Precision in valve position indication

28 September 2001

Pilgrim has retrofitted a measuring system for recording movement of self-contained valves onto a replacement valve. The IPIS system monitors valve position with greater accuracy and reliability than acoustic or magnetic methods.

With self-contained valves, such as plug and swing check valves and system-medium-operated valves, it has always been difficult to determine and monitor actual valve position with absolute dependability. This, of course, results from the fact that in these designs there is no external stem whose position can be positively tracked. As a result, sonographic technology has been used by the nuclear industry to “see” and keep track of valve position. But even this technology is not without its problems. For example, valve configuration and the body thickness — of 41/4 inches (100mm) at Entergy’s Pilgrim Power Station — can impede this non-invasive-testing (NIT) process.

Not long ago these difficulties produced an undesirable result in a safety-related, plug check valve at another nuclear plant in the US. Here, the associated high-pressure safety injection pump failed to achieve its required hydraulic

performance parameter due to a failed check valve. Neither the acoustic nor magnetic NIT methods employed indicated the disc was in the bottom of the valve. As a result of this incident, the US Nuclear Regulatory Commission (NRC) issued an Information Notice (NI-2000-21) to alert operators that in some cases acoustic and magnetic NIT techniques may not provide accurate and repeatable results. In addition, other plant noise sources may adversely affect the identification of the sound pattern of the disc striking the valve backstop or seat.

Pilgrim station, a 670MWe BWR commissioned in 1972, undertook an investigation of alternative methods for repeatable monitoring and accurate recording of disc position in one of the two redundant 18” (450mm) swing-disc check valves in the LP safety injection system. Flows through these valves range up to 10,000gpm (2300 m3/sec) at 900psig (62 BarG) and 450°F (230°C).

After reviewing available technologies, Pilgrim settled on an Inductive Position Indicating System (IPIS) incorporating recent technological improvements. This IPIS technology could be retrofitted onto a newly installed replacement valve. Furthermore, on-site preparation for installation could be done in advance in order to reduce personnel exposure time in an area of high radiation. In this case, installation consumed less than 30 minutes for one valve.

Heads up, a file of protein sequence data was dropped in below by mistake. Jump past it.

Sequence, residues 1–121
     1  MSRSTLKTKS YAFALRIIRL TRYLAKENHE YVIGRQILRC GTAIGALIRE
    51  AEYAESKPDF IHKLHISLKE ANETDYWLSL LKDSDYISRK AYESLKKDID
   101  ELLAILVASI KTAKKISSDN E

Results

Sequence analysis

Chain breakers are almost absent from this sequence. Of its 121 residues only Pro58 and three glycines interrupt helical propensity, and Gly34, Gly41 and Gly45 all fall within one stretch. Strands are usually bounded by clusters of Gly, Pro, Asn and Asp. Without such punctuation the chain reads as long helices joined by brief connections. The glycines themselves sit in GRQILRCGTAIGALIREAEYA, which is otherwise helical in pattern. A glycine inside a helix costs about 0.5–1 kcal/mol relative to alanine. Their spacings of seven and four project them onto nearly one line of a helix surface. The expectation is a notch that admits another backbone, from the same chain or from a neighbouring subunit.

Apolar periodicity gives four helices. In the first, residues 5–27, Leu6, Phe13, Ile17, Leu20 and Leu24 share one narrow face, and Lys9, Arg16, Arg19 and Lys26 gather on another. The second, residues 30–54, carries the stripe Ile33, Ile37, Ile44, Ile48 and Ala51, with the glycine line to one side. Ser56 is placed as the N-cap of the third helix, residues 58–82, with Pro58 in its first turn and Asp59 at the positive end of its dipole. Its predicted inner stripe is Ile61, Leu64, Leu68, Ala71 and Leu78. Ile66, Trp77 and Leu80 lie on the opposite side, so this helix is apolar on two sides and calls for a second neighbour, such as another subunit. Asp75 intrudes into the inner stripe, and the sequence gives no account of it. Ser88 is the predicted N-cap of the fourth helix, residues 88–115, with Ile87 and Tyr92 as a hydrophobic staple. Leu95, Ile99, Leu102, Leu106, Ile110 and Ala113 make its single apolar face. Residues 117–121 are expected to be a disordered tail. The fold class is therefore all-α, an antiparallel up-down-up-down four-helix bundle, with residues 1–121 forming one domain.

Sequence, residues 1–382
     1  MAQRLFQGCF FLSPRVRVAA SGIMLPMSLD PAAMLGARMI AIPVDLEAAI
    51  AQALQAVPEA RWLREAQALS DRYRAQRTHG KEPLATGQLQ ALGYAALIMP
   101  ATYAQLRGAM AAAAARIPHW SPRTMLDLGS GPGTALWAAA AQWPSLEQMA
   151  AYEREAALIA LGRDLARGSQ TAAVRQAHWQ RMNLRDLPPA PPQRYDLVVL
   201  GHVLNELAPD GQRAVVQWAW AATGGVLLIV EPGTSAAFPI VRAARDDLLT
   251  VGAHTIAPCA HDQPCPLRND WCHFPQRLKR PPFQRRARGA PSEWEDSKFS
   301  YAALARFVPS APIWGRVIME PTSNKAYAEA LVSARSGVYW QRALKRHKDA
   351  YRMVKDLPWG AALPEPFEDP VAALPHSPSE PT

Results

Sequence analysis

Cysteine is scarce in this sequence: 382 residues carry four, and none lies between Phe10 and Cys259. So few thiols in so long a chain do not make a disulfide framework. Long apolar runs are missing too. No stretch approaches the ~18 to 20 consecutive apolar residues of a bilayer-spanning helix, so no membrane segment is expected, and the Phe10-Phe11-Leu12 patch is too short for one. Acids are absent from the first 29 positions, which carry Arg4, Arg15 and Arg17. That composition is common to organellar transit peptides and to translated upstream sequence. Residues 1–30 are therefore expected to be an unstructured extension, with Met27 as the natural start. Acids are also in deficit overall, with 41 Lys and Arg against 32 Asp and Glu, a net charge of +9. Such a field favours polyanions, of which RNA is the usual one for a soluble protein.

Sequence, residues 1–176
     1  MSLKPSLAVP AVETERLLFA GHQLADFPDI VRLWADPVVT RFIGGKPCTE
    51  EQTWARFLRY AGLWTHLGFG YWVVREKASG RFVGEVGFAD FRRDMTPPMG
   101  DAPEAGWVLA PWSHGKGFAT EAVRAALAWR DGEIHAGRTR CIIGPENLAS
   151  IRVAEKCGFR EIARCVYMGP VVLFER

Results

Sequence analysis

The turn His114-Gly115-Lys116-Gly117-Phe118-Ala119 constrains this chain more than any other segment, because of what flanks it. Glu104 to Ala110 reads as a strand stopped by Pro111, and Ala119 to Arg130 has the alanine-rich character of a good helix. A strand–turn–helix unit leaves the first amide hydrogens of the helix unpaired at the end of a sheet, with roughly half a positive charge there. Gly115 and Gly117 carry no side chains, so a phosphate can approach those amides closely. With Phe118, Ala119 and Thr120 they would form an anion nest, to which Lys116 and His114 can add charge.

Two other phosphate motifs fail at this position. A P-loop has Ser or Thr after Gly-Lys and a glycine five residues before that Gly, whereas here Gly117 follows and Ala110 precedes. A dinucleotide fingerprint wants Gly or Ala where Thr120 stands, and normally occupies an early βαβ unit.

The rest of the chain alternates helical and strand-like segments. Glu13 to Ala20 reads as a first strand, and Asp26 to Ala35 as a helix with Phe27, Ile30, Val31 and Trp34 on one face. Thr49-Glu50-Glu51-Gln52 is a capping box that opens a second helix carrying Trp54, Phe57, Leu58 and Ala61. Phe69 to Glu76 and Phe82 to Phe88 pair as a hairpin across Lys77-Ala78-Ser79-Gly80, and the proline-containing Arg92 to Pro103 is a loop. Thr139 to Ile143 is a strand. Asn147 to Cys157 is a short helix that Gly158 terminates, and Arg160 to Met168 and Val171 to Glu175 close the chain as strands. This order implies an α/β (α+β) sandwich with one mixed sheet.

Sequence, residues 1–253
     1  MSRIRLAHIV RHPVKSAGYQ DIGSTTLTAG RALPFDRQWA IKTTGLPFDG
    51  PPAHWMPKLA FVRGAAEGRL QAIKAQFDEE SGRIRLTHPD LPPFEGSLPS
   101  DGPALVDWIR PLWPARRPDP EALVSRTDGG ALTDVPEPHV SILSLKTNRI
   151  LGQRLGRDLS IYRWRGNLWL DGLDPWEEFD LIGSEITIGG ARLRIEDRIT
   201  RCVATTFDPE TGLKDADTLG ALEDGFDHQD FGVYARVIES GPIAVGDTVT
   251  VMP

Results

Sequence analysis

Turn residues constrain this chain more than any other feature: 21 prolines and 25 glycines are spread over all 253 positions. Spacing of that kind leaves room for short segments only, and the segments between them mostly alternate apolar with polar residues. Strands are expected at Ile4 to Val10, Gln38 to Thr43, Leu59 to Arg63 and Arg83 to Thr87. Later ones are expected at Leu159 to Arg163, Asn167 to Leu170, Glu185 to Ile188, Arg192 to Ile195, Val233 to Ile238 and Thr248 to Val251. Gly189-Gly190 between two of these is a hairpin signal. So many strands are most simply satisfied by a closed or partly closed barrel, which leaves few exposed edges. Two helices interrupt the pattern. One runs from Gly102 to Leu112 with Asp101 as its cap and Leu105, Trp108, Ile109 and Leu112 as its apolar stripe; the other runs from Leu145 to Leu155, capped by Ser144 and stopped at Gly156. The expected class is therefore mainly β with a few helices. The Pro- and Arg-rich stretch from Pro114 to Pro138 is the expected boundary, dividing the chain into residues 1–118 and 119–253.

Inductive Position Indicating System

The IPIS is an analogue measuring system for indicating and recording movement of self-contained valves, such as check valves and system-medium-operated valves used in nuclear plants. The measuring principle is based on the change in inductance of a coil when exposed to a ferritic iron core. Essentially, this is a linear variable differential transformer (LVDT) that produces an electrical output proportional to the displacement of a separate ferritic core.

Usually these IPIS austenitic stainless-steel sensors are separated from the fluid (steam or water) by an inner tube that contains the sensor rod. This design avoids the necessity of sealing moving parts passing through the pressure boundary. Hence, the sensor can be easily removed even though the system is under fluid pressure. The digital transducer is remote and can be located a considerable distance away from the valve upon which the sensor is mounted. This digital transducer can be connected to a PC for configuration and measuring purposes.

In the case of plug-type check valves and system-medium-operated valves used in main-steam-isolation valve (MSIV) applications, the internal plug or stem moves linearly, hence the linear-motion IPIS’s ferritic sensor rod can be directly fixed to the valve’s plug or stem. In the case of swing check valves however, the disc’s rotational motion must be translated to the sensor rod’s linear motion. This can be accomplished by either a pinned hinge arrangement as used at Pilgrim or a roller mounted on the bottom of the rod that rides up and down on the check-valve disc as it opens and closes.

The remote transducer incorporates an embedded, 32-bit microcontroller and includes a sophisticated temperature-compensation circuit to handle temperatures ranging up to 640°F (340°C). Offset drifts resulting from various thermal expansions with the valve body and the sensor rod are compensated for as well. The voltage requirement of the transducer is 120/230 Vac or 24 Vdc. Standard output signal is 4 to 20mA.

The microcontroller-based transducer has a built-in data-logging function that allows automatic storage and display of up to six different valve strokes. The time frame of each stroke may be selected ranging from 15 seconds up to five days for very slow processes. This feature helps to determine the valve’s condition and can be used as a valve monitoring function. It permits year-to-year operational comparisons without the need for additional recording equipment. In fact, the transducer is capable of increasing the control of data by storing strokes in several different standard formats. This is very useful for future analysis and comparison. Furthermore, the transducer contains three, freely selectable limit values to provide limitswitch functions.

All sensors and connectors of the IPIS are LOCA proof according to the IEEE-323 standard and are type-approved by the KTA 3 (German Nuclear Technical Committee).

As a result of the successful operation of the IPIS system at Pilgrim and operational experience in the US and abroad, Pilgrim station plans to retrofit the other 18” (450mm) swing check valve in their LP safety injection system this year.

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